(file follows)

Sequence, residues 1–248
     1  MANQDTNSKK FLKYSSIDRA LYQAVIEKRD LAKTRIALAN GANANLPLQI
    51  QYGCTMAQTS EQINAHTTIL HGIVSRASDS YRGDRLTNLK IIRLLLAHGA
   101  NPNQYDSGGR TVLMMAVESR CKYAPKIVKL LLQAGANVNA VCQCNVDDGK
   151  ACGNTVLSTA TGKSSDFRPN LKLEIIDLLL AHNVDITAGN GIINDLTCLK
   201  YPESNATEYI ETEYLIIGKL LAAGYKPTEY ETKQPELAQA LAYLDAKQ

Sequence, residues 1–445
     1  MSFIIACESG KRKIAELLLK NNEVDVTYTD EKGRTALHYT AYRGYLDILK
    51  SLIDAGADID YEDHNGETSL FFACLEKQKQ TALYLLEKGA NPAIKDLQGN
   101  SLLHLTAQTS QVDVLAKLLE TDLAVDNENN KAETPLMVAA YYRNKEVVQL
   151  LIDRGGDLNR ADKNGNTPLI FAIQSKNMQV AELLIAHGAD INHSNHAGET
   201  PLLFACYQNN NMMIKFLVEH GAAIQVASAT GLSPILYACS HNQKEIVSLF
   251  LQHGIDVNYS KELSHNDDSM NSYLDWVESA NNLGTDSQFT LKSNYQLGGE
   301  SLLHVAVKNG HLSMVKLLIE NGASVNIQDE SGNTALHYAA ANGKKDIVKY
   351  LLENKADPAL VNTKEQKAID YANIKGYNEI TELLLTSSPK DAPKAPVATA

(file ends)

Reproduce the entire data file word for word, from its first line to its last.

Sequence, residues 1–248
     1  MANQDTNSKK FLKYSSIDRA LYQAVIEKRD LAKTRIALAN GANANLPLQI
    51  QYGCTMAQTS EQINAHTTIL HGIVSRASDS YRGDRLTNLK IIRLLLAHGA
   101  NPNQYDSGGR TVLMMAVESR CKYAPKIVKL LLQAGANVNA VCQCNVDDGK
   151  ACGNTVLSTA TGKSSDFRPN LKLEIIDLLL AHNVDITAGN GIINDLTCLK
   201  YPESNATEYI ETEYLIIGKL LAAGYKPTEY ETKQPELAQA LAYLDAKQ

Sequence, residues 1–445
     1  MSFIIACESG KRKIAELLLK NNEVDVTYTD EKGRTALHYT AYRGYLDILK
    51  SLIDAGADID YEDHNGETSL FFACLEKQKQ TALYLLEKGA NPAIKDLQGN
   101  SLLHLTAQTS QVDVLAKLLE TDLAVDNENN KAETPLMVAA YYRNKEVVQL
   151  LIDRGGDLNR ADKNGNTPLI FAIQSKNMQV AELLIAHGAD INHSNHAGET
   201  PLLFACYQNN NMMIKFLVEH GAAIQVASAT GLSPILYACS HNQKEIVSLF
   251  LQHGIDVNYS KELSHNDDSM NSYLDWVESA NNLGTDSQFT LKSNYQLGGE
   301  SLLHVAVKNG HLSMVKLLIE NGASVNIQDE SGNTALHYAA ANGKKDIVKY
   351  LLENKADPAL VNTKEQKAID YANIKGYNEI TELLLTSSPK DAPKAPVATA